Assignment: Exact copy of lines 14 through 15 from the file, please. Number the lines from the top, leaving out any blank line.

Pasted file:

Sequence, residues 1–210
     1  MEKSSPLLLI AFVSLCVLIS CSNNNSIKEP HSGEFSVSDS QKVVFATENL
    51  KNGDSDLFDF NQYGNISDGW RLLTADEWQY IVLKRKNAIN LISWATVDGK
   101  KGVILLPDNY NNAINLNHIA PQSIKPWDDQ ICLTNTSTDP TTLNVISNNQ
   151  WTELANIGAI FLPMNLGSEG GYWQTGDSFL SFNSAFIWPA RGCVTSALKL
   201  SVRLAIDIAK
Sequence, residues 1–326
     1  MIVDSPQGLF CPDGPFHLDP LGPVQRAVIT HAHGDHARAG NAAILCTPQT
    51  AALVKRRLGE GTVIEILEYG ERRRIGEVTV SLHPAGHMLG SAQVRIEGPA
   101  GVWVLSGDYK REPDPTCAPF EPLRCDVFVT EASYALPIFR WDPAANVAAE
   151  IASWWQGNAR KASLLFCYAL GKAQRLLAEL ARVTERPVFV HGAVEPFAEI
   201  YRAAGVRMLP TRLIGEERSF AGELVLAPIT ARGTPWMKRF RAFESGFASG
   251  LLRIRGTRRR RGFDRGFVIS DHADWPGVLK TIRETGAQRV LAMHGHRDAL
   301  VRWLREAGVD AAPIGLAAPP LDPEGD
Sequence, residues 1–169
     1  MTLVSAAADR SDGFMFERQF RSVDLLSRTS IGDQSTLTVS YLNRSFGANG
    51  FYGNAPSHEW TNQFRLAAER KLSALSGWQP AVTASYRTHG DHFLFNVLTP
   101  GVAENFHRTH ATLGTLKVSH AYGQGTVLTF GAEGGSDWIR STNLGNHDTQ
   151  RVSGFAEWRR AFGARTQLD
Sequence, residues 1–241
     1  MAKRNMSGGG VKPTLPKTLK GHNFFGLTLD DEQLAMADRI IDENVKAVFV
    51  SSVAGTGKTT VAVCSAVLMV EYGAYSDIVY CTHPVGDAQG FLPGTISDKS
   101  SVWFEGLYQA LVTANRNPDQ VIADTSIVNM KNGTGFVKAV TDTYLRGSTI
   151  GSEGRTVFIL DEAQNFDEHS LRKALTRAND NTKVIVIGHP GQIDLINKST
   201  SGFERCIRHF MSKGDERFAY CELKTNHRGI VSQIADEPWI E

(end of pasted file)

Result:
   301  VRWLREAGVD AAPIGLAAPP LDPEGD
Sequence, residues 1–169